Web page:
What do you picture when you hear the word “yogi”?
For me it was always a calm, beatific person at peace and one with the universe.
When I signed up to do a yoga teacher training with Meghan Currie, I looked forward to a month of pure bliss and intended to cultivate and share the “love and light” in the universe. Little did I know that spending a month on a tiny island off the coast of Nicaragua would be the closest thing to hell I had ever experienced.
People say that emotions are stored in the body. Tears streamed down my face during hip opening pigeon position and giant lumps surfaced in my throat during heart openers.
There were times when I was overcome with despair and unconsolable cries. It was like I was observing the emotions course through my body. Not only did I witness my own pain, but saw too the pain that other girls were experiencing. Heartbreaks that had never fully healed, self loathing, and guilt were moving through the group like a plague.
I desperately attempted to book a premature flight home yet, to my dismay, was forced to hold out for the entire month.
It has taken well over a year to process the training. The storm of emotions I had resisted and refused to feel over the course of life had finally reached land upon which to break. On the desolate island I was without my normal means of distraction, be it food, drugs, the internet, etc. I was forced to be with my naked raw self for the very first time in my adult life. The yoga was untangling knots I had weaved myself into for 23 years.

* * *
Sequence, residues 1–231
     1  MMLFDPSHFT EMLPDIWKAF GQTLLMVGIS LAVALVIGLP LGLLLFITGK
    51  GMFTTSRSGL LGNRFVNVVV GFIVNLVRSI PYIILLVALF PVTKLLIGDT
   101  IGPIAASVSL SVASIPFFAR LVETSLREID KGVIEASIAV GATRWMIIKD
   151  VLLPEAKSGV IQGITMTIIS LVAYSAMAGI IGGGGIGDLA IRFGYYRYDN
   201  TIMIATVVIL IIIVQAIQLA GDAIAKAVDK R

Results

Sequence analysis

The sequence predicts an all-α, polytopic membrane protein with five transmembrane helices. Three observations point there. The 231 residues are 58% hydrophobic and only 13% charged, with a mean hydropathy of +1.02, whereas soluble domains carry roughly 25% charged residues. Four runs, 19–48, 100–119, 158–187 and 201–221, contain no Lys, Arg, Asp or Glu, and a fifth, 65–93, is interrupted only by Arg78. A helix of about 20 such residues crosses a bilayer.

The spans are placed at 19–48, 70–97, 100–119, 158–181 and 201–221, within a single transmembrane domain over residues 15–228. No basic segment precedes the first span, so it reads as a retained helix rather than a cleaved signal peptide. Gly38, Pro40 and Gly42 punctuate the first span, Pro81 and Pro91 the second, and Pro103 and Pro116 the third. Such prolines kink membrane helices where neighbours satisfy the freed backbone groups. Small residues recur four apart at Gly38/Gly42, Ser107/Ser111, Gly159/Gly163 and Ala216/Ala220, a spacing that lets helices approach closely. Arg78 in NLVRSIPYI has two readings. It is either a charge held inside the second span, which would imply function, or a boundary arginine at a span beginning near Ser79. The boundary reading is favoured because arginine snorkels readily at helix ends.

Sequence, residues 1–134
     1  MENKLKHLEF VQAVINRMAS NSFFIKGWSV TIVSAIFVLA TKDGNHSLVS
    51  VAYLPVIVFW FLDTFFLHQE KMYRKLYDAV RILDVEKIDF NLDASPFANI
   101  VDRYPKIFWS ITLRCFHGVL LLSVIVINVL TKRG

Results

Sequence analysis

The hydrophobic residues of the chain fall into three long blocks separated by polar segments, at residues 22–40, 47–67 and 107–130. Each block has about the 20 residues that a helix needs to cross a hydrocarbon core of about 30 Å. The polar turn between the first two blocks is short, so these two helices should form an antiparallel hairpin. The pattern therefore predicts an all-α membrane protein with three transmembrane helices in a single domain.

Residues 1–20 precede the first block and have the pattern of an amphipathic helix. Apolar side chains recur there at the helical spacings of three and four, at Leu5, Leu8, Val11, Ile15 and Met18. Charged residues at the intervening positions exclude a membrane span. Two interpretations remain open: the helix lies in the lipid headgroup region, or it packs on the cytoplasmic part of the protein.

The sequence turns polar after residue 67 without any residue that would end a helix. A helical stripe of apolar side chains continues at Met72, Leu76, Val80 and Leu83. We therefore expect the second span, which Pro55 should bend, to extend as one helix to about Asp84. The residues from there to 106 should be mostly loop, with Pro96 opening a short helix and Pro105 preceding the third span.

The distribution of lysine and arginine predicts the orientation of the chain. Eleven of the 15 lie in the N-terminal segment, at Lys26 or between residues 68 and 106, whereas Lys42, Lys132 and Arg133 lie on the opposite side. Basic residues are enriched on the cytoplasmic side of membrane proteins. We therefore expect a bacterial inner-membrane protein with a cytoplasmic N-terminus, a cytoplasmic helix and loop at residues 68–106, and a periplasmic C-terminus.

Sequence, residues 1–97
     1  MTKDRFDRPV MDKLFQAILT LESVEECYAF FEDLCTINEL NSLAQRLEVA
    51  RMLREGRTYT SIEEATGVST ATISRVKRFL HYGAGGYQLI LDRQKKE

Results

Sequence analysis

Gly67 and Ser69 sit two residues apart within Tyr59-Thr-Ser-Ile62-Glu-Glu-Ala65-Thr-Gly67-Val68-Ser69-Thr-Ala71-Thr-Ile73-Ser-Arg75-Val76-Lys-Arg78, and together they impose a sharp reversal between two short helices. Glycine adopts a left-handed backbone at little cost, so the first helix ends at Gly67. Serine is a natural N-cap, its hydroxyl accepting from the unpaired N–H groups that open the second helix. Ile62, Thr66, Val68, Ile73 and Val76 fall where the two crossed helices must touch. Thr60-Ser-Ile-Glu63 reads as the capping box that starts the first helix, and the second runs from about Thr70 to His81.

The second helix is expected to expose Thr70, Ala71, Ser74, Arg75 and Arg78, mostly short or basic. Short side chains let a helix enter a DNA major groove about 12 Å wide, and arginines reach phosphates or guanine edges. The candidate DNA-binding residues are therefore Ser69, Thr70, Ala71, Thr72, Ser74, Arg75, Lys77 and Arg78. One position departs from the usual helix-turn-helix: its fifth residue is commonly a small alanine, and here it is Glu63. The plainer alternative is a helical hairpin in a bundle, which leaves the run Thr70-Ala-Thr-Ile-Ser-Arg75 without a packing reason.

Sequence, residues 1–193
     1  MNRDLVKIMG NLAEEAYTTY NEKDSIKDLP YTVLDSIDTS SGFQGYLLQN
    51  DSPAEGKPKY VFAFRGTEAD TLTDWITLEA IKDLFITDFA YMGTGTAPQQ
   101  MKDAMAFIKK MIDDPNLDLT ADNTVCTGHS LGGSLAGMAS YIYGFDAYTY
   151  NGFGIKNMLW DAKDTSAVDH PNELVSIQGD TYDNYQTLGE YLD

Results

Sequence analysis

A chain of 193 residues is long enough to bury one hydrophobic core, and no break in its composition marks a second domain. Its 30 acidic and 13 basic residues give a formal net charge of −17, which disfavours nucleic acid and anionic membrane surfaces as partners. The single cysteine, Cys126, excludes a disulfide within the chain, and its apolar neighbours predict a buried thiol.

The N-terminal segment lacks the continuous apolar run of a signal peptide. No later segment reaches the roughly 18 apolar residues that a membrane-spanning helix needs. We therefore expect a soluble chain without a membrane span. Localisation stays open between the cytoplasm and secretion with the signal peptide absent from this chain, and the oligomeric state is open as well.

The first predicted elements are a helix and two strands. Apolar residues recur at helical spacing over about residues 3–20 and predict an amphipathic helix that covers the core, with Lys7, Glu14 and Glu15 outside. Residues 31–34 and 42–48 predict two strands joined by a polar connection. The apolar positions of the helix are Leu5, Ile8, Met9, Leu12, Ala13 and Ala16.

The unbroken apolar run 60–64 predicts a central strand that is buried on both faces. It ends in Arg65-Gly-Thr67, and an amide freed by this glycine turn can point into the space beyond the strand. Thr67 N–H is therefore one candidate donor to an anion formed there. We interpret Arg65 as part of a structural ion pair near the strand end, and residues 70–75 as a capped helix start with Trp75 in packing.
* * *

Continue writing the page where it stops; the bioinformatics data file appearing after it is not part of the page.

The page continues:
Attracted to its highlights on the suffering of the human condition, I become insatiably interested in Buddhist meditation. Yes, I believe life is also “love and light” that the Bhakti yogis describe, but Buddhism teaches to embrace the darker aspect of the psyche as well. Feeling darkness does not mean something is inherently wrong with oneself. If we allow ourselves to witness and fully feel it, it primes the heart for compassion and empathy for oneself and for the world. It takes courage to practice feeling this entire spectrum of feelings but I’ve come to the realization that the pleasure, as well as the pain, are both essential elements along on the path to inner peace.
Perhaps the pain we feel most is the pain of resisting, avoiding, fighting the feelings that are present. When we feel a knot in our core or fear fluttering in our chest, it can feel overwhelming and lead us leap for a distraction. These methods of avoidance give us the illusion of control over our feelings, an alternative to the vulnerability of raw emotion. But maybe these bypassed emotions are in fact stored in our body. And if we have the courage to feel emotions as they arise, we save ourselves from the completely crippling rapids of repressed feelings that are released when the floodgates inevitable crack at some point, as well as the dullness of not feeling anything at all.
Once we learn to recognize emotions as they feel in the body, we get better at dealing with them through feeling them. Even the scary ones aren’t so bad in the light of awareness (and support from those around us). As I heard in a Dharma talk (can’t remember which), it’s like the monster under the bed: when we turn on the light and look directly at him, we see that it’s actually this silly creature that’s more afraid of us than we are of him.
The vulnerability of feeling the whole spectrum of emotions softens our heart and expands our ability to feel empathy for others—-in other words, when we know our own pain we are able to relate to that in others.
Coming to terms with our own suffering strengthens our ability to show up in the world for others.
When we aren’t caught in the hurricane of our own emotions, we are then available to pull people into our newly found peace.
Author: Kristen Buchan
Editor: Renée Picard
Photo: Wiki Commons